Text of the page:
Ooooh! Great imagery. My initial answer is TREEHOUSE! Oh yeah, Baby! I love trees. I love climbing them, I love treehouses. We saw a bunny in a treehouse in Portland not too long ago.
But this question makes me think a lot. I often find that I see myself as I wish to be, not necessarily as I am. So perhaps a treehouse is symbolic for where I want to be.
I feel like I live in a cave right now: The Uncles’ basement apartment. Which does have some light, luckily, because the house is on a slope, so there are windows on one wall.
And I also realize that when I am wounded and need to heal, I crawl into a self-constructed cave. That might be the INTJ in me. When I need to recharge my batteries, a dark quiet stone cave with moss-covered, slightly damp walls sounds ideal. I could commiserate with the bats. I am aware of this tendency because I’m pretty much there right now: standing in the doorway of the cave getting fresh air and sunshine, but ready to duck back inside anytime something spooks me. I feel like I need to overcome this position maybe, and take the chance to start tree-climbing.
I’m thinking of James Taylor too. From New Moon Shine, the song Down In The Hole. “I’m in a hole, since I lost my Baby.” Welcome down underground.
then the Swiss Family Robinson – those great adventurers of faith, expressing fully the meaning of serendipity when finding everything they could possibly need on the island where they were shipwrecked.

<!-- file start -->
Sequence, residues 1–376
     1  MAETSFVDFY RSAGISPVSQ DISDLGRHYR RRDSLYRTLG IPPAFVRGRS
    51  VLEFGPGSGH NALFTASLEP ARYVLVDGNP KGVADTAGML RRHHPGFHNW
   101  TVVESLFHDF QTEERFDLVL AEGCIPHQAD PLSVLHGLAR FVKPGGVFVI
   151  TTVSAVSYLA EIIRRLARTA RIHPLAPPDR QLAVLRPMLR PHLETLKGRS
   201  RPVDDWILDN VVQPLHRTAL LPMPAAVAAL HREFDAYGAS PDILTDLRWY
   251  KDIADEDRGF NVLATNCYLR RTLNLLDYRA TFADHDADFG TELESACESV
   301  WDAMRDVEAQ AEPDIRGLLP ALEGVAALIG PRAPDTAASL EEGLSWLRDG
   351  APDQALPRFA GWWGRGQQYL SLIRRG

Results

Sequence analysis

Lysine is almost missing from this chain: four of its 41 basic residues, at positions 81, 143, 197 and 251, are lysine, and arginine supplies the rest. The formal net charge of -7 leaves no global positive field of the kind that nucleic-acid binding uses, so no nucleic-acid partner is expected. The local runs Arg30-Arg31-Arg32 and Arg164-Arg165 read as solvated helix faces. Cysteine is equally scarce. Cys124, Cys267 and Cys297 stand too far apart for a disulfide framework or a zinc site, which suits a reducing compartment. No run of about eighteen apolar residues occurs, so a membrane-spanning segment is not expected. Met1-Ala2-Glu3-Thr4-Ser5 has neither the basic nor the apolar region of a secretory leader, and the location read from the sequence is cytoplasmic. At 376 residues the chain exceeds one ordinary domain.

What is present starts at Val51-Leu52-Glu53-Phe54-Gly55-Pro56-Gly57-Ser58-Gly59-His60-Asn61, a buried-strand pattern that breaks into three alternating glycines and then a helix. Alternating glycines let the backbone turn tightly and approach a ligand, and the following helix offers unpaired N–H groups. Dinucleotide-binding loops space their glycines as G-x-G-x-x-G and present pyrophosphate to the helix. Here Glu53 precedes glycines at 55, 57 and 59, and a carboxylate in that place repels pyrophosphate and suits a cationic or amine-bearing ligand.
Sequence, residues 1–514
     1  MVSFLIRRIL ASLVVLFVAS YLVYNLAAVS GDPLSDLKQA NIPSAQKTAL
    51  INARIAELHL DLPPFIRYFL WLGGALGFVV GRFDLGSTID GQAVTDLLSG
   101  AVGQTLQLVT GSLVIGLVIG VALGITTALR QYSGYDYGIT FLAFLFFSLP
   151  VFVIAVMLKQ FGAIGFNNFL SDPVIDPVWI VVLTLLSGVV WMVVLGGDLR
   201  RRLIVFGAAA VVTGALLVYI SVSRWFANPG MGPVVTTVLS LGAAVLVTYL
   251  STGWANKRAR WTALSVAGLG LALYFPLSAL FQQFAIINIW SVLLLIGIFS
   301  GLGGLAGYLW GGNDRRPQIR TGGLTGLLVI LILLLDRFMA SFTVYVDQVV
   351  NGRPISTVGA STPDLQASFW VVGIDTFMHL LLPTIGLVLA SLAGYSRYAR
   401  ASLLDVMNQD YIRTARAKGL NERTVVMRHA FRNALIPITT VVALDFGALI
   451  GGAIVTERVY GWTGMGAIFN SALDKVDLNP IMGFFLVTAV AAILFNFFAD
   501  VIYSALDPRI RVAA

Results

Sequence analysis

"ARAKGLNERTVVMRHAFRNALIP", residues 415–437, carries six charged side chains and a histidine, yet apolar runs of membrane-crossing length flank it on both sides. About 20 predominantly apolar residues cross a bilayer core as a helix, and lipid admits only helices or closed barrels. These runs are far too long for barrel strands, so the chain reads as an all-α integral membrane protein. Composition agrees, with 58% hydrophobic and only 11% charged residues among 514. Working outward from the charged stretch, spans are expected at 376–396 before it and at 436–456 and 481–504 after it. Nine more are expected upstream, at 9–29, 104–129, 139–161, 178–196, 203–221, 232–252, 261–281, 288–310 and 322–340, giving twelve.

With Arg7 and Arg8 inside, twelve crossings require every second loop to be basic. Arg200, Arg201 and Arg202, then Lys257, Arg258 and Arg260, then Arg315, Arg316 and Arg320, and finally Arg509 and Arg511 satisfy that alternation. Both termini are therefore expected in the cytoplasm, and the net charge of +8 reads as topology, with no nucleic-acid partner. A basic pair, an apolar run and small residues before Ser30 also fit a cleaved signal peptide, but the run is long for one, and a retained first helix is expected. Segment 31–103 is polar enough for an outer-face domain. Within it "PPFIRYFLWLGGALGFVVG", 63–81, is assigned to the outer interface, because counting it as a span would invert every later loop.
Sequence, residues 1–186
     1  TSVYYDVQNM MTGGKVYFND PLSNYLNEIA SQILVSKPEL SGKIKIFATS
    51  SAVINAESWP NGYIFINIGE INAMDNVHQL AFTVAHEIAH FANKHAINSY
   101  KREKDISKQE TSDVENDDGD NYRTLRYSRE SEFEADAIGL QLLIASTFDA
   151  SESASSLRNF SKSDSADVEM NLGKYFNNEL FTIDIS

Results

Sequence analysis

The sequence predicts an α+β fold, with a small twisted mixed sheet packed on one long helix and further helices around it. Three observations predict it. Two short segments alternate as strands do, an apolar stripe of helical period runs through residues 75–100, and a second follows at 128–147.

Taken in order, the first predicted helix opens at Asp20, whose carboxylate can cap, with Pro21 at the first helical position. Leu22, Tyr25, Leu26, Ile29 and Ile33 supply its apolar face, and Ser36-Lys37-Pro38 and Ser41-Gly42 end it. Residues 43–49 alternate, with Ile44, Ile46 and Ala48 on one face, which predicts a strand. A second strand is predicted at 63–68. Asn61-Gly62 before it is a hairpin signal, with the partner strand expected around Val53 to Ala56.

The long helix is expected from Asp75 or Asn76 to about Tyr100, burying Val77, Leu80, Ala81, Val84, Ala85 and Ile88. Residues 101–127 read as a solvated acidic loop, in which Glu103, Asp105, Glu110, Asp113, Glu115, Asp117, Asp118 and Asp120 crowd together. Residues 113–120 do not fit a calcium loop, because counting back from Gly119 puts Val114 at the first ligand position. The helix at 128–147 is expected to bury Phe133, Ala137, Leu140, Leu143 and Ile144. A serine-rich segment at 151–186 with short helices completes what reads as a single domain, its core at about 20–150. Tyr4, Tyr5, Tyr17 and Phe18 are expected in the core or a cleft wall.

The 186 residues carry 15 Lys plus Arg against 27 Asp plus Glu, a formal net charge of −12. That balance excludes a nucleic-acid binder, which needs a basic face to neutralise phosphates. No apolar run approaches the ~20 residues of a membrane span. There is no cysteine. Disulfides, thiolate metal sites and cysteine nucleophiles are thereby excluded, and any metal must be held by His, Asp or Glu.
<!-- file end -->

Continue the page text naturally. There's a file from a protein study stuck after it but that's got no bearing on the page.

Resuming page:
and Julia Butterfly Hill. Having lived in Humboldt County while the most famous tree-sitter was living in her own tree house… it’s hard to forget that. I was at Reggae on the River in 1999 when Julia spoke to the crowd from her tree via cellphone. It was an awesome experience to be sharing that moment. A year after she came down, she spoke at the college I was attending, and read a chapter from her book called The Storm. She tells probably the truest story ever about living in a treehouse: in the top of a redwood during one of those Pacific Storms that hits the King Mountain Range out there on Cape Mendocino. She said she knew the storm was going to kill her if she didn’t come up with a plan. So instead of fighting the storm with tensed muscles, she did what the trees do: let the storm push her around and bend her. So she let the storm rage around her – and lived. I feel like that’s a good lesson.
Ok, well, that was a fun little mental jaunt. Thanks, Siona, for the opportunity to pull all those disjointed ideas together in such a fun way.